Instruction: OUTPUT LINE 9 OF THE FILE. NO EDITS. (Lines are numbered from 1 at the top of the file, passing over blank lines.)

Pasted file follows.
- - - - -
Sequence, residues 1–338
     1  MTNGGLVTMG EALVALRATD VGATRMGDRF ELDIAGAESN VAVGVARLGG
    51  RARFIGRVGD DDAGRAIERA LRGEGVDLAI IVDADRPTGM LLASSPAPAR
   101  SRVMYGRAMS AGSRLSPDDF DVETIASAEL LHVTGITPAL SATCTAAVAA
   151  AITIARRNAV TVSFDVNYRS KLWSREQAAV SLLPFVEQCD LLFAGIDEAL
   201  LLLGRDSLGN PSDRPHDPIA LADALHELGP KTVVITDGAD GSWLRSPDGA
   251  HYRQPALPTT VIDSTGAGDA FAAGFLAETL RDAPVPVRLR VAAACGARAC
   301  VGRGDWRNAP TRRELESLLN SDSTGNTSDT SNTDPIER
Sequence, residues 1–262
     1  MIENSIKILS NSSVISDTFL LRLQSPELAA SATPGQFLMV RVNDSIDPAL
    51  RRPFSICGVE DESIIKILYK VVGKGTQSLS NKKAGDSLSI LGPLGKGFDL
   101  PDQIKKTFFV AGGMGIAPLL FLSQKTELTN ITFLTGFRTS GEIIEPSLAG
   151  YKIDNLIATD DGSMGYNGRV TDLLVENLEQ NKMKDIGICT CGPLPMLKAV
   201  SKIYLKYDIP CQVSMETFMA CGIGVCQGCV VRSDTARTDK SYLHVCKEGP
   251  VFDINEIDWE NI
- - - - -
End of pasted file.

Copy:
Sequence, residues 1–262